A misconfigured Azure Blob Storage endpoint caused unauthorized access to large amounts of Microsoft customer data last month. Although security researchers indicate that the breach affects tens of thousands of organizations worldwide, Microsoft believes the extent of the incident is exaggerated.
According to Microsoft, an accidentally misconfigured endpoint opened systems to unauthorized access in September. Unauthorized malicious parties were theoretically able to access business transaction data routed between Microsoft and its customers. The data includes planning, implementation and setup data for various Microsoft services.
BlueBleed Part 1
The misconfiguration was discovered by security researchers from SOCRadar. The potential data breach was dubbed BlueBleed Part 1 and involved six data buckets that became public after the Azure Blob Storage misconfiguration. According to the researchers, the affected data buckets had as much as 2.4 TB of information on a total of more than 65,000 companies in 111 different countries.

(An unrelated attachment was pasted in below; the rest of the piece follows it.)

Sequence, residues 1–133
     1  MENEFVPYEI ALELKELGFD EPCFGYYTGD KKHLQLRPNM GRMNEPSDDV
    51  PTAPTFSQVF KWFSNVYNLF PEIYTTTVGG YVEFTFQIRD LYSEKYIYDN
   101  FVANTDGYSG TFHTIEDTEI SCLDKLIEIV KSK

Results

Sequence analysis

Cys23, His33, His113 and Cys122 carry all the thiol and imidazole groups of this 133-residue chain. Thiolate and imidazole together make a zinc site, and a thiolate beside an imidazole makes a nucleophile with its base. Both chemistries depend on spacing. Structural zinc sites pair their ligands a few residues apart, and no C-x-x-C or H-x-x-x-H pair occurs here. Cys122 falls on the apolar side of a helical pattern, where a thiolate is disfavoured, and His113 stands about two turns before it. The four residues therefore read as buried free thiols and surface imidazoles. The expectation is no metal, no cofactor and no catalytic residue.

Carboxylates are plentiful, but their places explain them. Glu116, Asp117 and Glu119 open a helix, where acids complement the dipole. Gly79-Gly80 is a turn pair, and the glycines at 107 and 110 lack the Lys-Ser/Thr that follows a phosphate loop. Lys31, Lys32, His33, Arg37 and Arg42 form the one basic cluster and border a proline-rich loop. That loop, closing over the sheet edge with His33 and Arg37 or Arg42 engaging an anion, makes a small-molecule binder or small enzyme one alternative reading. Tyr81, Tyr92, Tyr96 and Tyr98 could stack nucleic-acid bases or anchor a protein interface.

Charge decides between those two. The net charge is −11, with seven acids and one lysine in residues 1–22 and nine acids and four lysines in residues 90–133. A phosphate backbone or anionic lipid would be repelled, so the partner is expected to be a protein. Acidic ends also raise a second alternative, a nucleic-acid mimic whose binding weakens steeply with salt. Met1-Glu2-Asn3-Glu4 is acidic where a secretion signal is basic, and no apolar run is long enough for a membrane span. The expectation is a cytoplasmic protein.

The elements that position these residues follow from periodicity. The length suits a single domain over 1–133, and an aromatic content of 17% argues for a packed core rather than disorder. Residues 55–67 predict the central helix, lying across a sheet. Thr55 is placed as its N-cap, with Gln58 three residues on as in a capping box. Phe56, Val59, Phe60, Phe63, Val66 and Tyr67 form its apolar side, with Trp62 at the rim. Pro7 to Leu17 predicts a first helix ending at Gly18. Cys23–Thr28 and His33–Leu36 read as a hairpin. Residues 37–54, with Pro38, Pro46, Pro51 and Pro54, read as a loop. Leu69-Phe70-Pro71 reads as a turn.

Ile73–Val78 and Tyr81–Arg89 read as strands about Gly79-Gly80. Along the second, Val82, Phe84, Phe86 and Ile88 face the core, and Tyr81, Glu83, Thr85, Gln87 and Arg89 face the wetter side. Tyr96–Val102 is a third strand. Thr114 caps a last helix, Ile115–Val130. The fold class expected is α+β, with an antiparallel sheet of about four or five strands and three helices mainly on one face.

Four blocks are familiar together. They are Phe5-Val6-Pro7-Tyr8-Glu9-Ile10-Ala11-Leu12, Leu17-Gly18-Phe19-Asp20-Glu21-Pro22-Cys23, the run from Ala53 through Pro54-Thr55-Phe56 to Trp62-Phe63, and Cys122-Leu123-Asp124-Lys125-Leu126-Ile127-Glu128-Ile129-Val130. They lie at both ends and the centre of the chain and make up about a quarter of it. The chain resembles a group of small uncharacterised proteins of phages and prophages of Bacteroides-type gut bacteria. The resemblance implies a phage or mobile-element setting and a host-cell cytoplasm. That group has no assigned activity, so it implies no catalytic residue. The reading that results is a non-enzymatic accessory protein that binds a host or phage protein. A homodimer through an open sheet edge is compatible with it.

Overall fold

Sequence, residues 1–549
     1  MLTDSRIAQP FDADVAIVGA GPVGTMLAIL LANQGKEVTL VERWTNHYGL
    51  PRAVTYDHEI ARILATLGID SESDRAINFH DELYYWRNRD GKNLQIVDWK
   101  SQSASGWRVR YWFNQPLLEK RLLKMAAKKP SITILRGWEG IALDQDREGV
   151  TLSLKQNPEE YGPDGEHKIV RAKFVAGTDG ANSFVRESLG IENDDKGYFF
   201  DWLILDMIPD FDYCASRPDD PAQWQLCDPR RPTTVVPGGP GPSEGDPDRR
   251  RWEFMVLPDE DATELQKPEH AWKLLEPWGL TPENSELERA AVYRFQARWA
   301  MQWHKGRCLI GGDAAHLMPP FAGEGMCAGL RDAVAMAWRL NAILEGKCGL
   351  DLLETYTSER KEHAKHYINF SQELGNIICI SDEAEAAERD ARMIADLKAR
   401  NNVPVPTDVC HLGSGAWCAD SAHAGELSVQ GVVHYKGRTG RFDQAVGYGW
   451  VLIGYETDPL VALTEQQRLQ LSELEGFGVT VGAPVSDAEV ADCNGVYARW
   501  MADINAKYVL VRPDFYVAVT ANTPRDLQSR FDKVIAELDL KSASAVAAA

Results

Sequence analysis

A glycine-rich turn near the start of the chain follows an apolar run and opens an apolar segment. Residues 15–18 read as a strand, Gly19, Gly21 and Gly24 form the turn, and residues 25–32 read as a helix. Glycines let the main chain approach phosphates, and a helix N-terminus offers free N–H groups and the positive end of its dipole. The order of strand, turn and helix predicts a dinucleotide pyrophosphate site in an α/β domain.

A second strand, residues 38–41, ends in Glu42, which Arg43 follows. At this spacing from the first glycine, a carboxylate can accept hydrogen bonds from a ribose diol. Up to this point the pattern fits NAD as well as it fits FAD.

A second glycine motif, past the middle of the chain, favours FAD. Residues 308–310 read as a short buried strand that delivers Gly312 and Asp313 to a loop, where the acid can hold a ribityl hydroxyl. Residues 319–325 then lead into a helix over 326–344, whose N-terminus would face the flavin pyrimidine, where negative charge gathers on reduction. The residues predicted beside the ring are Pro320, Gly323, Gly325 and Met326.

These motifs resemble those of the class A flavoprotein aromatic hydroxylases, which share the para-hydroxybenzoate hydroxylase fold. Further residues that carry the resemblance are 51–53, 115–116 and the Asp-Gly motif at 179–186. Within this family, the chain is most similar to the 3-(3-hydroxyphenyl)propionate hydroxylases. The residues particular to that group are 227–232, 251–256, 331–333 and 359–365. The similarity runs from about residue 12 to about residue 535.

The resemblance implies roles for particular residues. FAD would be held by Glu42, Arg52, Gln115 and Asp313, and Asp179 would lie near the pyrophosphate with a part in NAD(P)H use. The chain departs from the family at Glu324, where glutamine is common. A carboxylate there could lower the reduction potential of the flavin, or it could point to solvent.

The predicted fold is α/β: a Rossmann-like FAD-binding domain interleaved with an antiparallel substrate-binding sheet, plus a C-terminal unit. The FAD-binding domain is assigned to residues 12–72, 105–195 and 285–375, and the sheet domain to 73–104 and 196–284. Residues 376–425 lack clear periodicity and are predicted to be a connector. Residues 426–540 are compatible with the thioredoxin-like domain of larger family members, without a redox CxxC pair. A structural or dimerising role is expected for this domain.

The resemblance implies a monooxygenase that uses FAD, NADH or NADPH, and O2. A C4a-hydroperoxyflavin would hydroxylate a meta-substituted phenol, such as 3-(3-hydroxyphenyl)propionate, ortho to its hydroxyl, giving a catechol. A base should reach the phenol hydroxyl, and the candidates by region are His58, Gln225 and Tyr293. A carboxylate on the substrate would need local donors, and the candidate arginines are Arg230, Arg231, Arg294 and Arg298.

The buckets included more than 133,000 files and data on more than 500,000 individuals. The data included names, addresses, emails, company names, telephone numbers and information related to business activities between customers and Microsoft.
The leak has since been closed by Microsoft. According to the tech giant, which notified customers potentially affected by the data breach, no misuse has been detected so far.
In its response, the tech giant claims that SOCRadar exaggerated the extent of the leak. Microsoft said the datasets provided as evidence include large amounts of duplicate information. According to the tech giant, there are many references to the same emails, projects and end users.
Microsoft also disapproves of the fact that SOCRadar provided a search tool allowing Microsoft’s customers to review whether their data is included in the beach. According to the tech giant, the tool poses unnecessary risks.